Learn to listen for what people mean, not just what they say
Without sounding like internet hyperbole, this super-simple listening trick can help you better understand people's intentions. And provide a fascinating insight into the minds of others.
People like to talk. And when they talk, they often muddy the water about what they really mean because people tend to speak through an autobiographical lens, i.e., "this is my truth because it is from my perspective". Todd Davis, the Chief People Officer at Franklin Covey, has spent much of his career looking for the meaning in what people are saying, and has developed a way to better understand what people are really talking about. That technique is a small adaption to a basic skill that many people forget to do when they talk: listening, and then asking questions based on finding the truth in their perspective. Just doing that (Todd explains the practice in the video much better than I do here - Ed.) can make a world of difference in interpersonal interaction. Todd's latest book is Get Better: 15 Proven Practices to Build Effective Relationships at Work.
Todd Davis: Many of my discussions are centered around someone who has a real issue or bone to pick with someone else. And I’ll listen and I’ll listen and I’ll listen because a lot of times people just want to feel understood. But then when they’re finished feeling understood they feel like they’ve had a shoulder to cry on. I will always ask the question, “I wonder why Jim would have said that? Or I wonder why Gail feels that way?” And the person will usually say something like, “Well I have no idea, I’m not Jim.” And I’ll say, “Well no, I understand that. But if I think about Jim I wonder what motivates him?”
And if I can start a discussion like that more often than not people will say “Well, you know, he was pretty depressed over that issue last year or she got passed over for that promotion so maybe she’s still feeling defensive about that.” And it’s my way of not manipulation at all but helping someone gently but directly start to see things from another’s perspective. And that leads into helping them try to understand what someone’s intent is. And when we can get that type of a conversation going... it’s not always easy... but it becomes easier to start to assume maybe that everyone doesn’t have it out for you or bad intent. But in general people have good intent.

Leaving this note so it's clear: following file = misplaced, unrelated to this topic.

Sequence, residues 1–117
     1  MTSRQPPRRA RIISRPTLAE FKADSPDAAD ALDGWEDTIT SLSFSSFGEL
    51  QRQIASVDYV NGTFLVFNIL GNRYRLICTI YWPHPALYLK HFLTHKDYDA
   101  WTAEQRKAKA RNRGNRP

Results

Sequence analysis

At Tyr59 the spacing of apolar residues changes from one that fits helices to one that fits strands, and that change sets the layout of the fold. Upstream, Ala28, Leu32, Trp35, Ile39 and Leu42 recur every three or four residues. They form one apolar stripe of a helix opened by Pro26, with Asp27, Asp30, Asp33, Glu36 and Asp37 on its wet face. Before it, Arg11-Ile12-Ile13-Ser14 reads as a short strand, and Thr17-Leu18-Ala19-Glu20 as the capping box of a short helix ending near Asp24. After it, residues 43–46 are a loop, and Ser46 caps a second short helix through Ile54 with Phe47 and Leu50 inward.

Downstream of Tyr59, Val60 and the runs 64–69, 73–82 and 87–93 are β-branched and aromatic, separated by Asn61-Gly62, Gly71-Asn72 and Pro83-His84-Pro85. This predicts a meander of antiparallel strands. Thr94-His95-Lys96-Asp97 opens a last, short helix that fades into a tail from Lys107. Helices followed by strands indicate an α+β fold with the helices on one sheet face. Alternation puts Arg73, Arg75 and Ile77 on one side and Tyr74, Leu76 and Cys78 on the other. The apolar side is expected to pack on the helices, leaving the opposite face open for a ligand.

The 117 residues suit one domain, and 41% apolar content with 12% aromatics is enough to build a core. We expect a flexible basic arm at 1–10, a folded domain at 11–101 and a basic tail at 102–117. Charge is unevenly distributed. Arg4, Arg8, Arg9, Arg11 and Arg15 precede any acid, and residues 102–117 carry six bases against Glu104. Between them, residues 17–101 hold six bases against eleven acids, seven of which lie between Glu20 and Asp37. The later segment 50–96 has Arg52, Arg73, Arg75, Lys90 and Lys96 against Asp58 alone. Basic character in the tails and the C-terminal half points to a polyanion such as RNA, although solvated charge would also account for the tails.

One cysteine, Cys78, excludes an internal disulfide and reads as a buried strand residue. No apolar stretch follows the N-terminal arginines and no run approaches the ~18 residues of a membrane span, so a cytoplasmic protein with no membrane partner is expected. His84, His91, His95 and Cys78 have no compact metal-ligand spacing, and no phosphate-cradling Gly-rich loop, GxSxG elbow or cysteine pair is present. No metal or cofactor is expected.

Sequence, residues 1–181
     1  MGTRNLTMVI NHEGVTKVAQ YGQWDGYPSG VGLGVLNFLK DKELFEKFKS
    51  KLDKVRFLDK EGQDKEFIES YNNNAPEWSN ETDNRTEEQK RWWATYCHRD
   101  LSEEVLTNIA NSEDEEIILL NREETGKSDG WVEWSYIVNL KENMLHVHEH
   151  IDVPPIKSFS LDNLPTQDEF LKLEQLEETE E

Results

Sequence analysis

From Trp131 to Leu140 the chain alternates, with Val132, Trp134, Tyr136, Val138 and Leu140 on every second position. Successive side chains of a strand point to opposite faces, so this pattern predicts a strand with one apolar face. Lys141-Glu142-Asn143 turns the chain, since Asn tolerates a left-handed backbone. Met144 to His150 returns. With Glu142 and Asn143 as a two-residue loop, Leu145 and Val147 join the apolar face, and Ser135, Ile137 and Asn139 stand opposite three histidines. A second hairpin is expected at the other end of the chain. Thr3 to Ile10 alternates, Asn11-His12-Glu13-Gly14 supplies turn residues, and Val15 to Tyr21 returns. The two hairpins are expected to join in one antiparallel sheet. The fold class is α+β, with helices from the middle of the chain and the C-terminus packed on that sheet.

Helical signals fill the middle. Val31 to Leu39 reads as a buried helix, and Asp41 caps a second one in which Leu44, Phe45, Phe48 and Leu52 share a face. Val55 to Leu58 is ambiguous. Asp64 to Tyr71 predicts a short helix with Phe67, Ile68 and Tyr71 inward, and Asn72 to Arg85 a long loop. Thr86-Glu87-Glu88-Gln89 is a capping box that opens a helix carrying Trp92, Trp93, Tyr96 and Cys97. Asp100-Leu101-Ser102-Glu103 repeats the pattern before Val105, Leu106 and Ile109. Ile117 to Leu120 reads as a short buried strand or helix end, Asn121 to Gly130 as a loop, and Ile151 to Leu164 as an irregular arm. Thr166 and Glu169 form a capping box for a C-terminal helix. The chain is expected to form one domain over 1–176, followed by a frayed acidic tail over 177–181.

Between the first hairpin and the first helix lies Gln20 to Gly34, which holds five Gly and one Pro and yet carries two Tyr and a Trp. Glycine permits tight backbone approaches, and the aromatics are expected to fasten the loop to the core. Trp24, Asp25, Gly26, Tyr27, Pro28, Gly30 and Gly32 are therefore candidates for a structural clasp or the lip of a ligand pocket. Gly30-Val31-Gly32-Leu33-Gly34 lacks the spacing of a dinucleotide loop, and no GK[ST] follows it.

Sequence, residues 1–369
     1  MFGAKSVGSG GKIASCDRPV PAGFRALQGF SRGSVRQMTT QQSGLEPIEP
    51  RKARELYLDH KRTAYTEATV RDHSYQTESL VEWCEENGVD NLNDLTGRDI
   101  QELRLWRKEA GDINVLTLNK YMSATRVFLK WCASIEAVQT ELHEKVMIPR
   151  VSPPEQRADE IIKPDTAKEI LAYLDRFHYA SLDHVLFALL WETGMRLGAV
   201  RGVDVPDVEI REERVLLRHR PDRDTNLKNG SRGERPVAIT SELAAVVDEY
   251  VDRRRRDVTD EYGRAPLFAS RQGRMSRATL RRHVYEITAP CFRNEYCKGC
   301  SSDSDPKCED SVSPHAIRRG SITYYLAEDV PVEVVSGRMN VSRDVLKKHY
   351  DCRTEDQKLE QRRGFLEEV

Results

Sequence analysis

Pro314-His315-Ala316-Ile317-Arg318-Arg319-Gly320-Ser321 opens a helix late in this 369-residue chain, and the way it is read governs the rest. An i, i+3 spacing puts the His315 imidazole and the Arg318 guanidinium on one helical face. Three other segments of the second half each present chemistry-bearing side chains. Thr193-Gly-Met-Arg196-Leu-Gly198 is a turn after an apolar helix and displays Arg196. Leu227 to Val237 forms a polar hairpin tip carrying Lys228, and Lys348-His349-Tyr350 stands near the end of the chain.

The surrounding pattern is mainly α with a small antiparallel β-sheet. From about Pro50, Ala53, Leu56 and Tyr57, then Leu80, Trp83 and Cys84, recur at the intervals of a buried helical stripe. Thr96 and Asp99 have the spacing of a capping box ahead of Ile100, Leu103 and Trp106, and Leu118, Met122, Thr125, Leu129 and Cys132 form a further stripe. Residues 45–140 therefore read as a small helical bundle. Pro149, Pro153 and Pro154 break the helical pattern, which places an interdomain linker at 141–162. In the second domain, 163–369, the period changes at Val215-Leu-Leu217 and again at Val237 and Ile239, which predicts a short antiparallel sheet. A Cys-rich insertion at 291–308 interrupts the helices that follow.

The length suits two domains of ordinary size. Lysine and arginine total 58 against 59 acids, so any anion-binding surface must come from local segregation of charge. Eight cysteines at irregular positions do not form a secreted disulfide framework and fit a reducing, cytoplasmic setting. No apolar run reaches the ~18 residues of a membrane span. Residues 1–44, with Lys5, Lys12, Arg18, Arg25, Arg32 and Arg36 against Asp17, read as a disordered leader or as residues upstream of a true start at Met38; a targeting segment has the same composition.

When people have emotions that are high – whether they’re high because they’re frustrated or whether they’re high because they’re happy – first and foremost they just want to be understood. And we listen, through what the late Dr. Stephen R. Covey used to say, we listen through this autobiographical lens. And then we have this autobiographical response. So we listen with the intent to reply, not to understand. But the most effective people and therefore the most successful influential people they listen with the intent to understand.
So reflective listening, and this is nothing new but boy it’s new to practice it because everybody reads about it, hears about it and yet I see them not model it. And I’ll tell you modeling it is magic. When someone says to me, “Gosh, I can’t believe that they put that policy out. I’m so frustrated with this thing and blah, blah, blah, blah.” I will listen, listen, listen and all I will say and it’s not manipulative, it’s just because I want to understand I’ll say, “It sounds like you’re pretty frustrated with the policy.” “Well yeah, I am because…” and then they’ll go on for five minutes or 20 more minutes. And they’ll finish that and I’ll just comment, “So it seems like it’s really got you considering maybe a change in your career.” I’m making this up. But you do reflective listening, take the time to do it you will start to get to the heart of the real issue. And 90 percent of the time it’s not in this case the policy. It’s something way underneath. And all I had to do was listen and reflect back to the person what I’m hearing them say and what I’m thinking they’re feeling.
There is a time then for clarifying questions. Not probing. Not prying. Not trying to judge or agree or disagree, but saying, “So, am I clear in understanding that you think the policy is wrong because of such and such?” That’s a clarifying question. Or “If I understand you correctly that you believe Joe has taken more vacation than anybody else in the department?” That’s a clarifying question. It’s not you’re agreeing or disagreeing. You’re not prying into or trying to figure somebody out. You’re just trying to clarify and understand. It’s like giving someone psychological air or oxygen if you will. And when we take the time to do that we actually start to resolve things much quicker than if we jump in ahead of it.